Have you ever wondered why back on May 15, 1915 that the founders of the Fraternal Order of Police (F.O.P.) decided to incorporate the word "Fraternal" to describe this newly founded
I have often pondered this in the multiple training classes and quarterly meetings I had the privilege to attend; and as of late, I have heard this being
thrown around in discussions. Does the modern-day F.O.P. actually exercise "Fraternalism" as part of its core values? Do we, the members of the Lodge, actually know what it means to be Fraternal? Let
us dig a little deeper into this and first define what it is to be Fraternal.
After spending some time Googling the term, I found what I believe to be a great example of what "Fraternal" means to me as it is applied to the Lodge;
stating "The character of being fraternal; specifically, the cultivation and safeguarding of that fraternity, or brotherhood of an entire people". It is here that I see the people of a fellowship are
charged with the growing and safety of its culture, to include the fiber of its morals and core values. This further expands on those characteristics we look for in our membership; such as honor,
integrity, honesty and humility just to name just a few. For those still currently on the job, as well as those lucky enough to have retired from it, we know these characteristics come with high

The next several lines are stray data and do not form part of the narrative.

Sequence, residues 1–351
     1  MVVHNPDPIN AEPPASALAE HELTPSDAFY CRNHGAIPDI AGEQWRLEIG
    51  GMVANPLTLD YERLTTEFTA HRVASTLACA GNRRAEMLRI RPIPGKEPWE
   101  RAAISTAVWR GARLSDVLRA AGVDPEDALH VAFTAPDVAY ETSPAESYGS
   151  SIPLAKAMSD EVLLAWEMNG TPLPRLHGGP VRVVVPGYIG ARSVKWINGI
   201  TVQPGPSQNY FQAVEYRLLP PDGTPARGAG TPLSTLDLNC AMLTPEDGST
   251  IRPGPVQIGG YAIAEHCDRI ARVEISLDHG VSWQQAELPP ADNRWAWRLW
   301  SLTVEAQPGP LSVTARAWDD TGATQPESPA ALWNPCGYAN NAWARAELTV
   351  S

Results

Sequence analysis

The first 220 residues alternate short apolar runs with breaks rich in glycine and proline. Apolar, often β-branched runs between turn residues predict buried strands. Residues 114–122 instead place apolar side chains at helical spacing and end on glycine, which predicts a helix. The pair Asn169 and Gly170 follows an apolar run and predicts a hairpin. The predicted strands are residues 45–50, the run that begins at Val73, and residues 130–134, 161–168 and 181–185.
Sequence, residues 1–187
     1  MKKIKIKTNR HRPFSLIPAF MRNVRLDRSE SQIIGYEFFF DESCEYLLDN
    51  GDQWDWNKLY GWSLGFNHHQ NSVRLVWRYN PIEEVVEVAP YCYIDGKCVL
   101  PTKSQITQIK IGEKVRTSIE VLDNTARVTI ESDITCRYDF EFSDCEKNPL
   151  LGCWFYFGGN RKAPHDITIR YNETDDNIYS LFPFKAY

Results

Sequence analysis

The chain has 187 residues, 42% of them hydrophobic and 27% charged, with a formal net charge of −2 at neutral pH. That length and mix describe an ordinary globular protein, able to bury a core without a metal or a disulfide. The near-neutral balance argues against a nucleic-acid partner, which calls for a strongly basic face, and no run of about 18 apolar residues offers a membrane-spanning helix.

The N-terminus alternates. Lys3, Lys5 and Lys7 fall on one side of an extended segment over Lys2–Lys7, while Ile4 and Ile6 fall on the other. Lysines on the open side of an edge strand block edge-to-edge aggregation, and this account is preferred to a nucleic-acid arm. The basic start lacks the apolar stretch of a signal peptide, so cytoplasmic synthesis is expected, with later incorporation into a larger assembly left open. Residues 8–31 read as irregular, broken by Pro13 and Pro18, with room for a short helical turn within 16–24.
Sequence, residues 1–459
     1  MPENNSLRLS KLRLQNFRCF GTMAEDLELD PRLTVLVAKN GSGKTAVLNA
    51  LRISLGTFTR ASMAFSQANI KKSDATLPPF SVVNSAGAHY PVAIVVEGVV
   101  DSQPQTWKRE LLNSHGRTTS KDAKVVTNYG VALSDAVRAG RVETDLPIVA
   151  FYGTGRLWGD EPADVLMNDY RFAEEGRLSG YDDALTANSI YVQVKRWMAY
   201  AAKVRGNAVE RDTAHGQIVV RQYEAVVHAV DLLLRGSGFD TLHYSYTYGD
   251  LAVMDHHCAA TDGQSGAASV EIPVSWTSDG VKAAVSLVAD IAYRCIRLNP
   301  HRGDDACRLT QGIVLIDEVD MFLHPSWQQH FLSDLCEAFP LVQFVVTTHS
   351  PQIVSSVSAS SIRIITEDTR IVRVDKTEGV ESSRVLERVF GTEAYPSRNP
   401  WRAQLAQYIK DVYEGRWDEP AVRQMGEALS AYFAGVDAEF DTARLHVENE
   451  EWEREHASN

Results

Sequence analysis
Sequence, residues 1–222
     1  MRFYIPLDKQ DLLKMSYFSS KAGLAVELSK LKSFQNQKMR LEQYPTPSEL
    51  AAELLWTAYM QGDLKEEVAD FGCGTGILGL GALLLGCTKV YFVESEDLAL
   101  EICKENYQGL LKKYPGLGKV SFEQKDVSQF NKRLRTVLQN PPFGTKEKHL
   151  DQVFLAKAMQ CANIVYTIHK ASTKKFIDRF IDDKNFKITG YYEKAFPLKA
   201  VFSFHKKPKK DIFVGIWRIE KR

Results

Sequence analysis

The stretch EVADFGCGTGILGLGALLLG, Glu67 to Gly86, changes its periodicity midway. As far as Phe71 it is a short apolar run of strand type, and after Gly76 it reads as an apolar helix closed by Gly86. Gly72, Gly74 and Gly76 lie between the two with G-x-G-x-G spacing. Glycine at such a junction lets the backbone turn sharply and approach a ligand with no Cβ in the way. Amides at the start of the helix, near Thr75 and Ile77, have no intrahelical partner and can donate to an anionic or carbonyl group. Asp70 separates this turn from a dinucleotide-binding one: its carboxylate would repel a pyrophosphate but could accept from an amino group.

expectations, as well as steep prices to pay when such confidence is lost.
As I'm still on the job, and that I have the esteem privilege to work with "Millennials" who are now occupying the role of the common street cop, I can testify that Fraternalism still exists;
but not in the traditional sense. As the "traditional" LEO enjoyed traveling to Lodge and socializing with those that are like-minded, todays LEO's do so in other ways such as social media and
blogging sites. The new-age cop still shares the same sense of tradition and pride for our beloved profession; it's just looked upon in a different sense.
It's with this thought that I say we, as a Lodge, need to adjust how we are recruiting and educating our members. It's also with this idea that maybe
because you are a member and you are not available to attend Lodge meetings regularly that you can still be active in the progression of the Order. What I have come to the conclusion of is the
progress and success of our local Lodge (as well as the State and National) comes down to acceptance of "Change". Believe me, I know it is probably the most HATED word in a Cop's vocabulary.....but
it is inevitable! However, it can also be prosperous.
So, is "Fraternalism" still alive in the Lodges and in Law Enforcement today? YES, I believe so!
However, how we decide to maximize that fraternalism of the "New Age" cop has yet to be determined. Therefore, with that said, I encourage EVERY MEMBER to
reach out to our younger generation and encourage them to join our Lodge. Share with them the benefits and privileges of what being a member is and how being a part of such an organization can
benefit them, both professionally and personally. And, that no matter what happens, the F.O.P. will always "have your 6"!
M. Braswell, Deputy Sheriff PCSO
State Trustee for Lodge #46